The Eel River area in the southwestern Miramichi terrane of New Brunswick contains a complete calc-alkaline suite of volcanic rocks that are interlayered with intervals of sedimentary and polylithic fragmental rocks, and are overlain by a thick sedimentary sequence. This package, collectively referred to as the Meductic Group, was deposited in a submerged volcanic arc setting interpreted to be part of the Popelogan arc. Rifting of this arc led to the development of the Tetagouche-Exploits back-arc basin, and formation of volcanogenic massive sulfide deposits in bimodal volcanic rocks of the Bathurst Mining Camp in the northeastern Miramichi Terrane. Unlike the Bathurst Mining Camp, volcanic rocks in the southeastern Miramichi Highlands form a continuous calc-alkaline suite characterized by increasing Zr/TiO2 with increasing SiO2, in part resulting from progressive coupled assimilation and fractional crystallization of nested magma systems. Slumping of semi-consolidated volcanic and sedimentary rocks in topographically unstable areas resulted in numerous slumps and debris flows that are preserved throughout the Eel River area.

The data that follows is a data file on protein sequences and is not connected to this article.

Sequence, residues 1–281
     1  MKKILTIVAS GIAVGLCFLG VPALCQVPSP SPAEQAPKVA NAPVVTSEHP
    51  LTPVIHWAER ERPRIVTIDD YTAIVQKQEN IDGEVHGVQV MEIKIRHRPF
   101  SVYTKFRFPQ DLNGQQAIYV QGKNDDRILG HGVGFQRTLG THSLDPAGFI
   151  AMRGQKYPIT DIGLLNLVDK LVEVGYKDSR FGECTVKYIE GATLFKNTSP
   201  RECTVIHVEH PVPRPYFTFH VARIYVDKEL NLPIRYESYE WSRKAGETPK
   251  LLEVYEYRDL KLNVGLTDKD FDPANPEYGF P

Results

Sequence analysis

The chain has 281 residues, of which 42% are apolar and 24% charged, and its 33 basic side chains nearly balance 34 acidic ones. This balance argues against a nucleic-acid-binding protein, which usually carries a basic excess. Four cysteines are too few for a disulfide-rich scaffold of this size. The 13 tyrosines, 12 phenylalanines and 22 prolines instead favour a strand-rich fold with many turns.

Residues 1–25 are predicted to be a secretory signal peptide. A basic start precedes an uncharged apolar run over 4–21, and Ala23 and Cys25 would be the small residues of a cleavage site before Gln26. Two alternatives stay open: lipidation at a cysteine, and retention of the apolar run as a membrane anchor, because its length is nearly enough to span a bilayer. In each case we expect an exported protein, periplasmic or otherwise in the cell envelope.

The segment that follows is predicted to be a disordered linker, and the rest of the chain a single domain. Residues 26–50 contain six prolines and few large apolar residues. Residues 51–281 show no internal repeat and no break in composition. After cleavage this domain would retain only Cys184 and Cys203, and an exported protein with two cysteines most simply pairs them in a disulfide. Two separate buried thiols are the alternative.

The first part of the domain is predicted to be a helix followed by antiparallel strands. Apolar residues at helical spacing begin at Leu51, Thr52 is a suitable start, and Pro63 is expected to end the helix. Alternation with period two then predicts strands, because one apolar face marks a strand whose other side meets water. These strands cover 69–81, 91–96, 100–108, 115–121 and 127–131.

In the early 1990s, the discovery of a large sulfide clast in a road cut along the Benton road sparked interest in the volcanogenic massive sulfide potential of the Eel River area. Subsequent drilling intersected smaller fragments, one clast of which graded 16.7% Zn, 5.6% Pb, 90 ppm Ag, and 220 ppb Au. The intersection of thin lenses of stratiform sulfides in another drillhole indicates favorable conditions for the preservation of massive sulfides. Their subsequent incorporation into synvolcanic debris flows resulted in the transport and deposition of sulfide clasts from hydrothermal vents to more distal locations. Similar to the Buchans deposits of Newfoundland, tracing these debris flows back to their source would be beneficial from an exploration perspective. Approximately 15 km to the southwest of the Eel River area, gold-bearing base metal sulfide clasts (11.1% Zn, 6.13% Pb, 0.19% Cu, 108 ppm Ag, and 1100 ppb Au) occur within intermediate-composition volcanic rocks at Monument Brook in eastern Maine.

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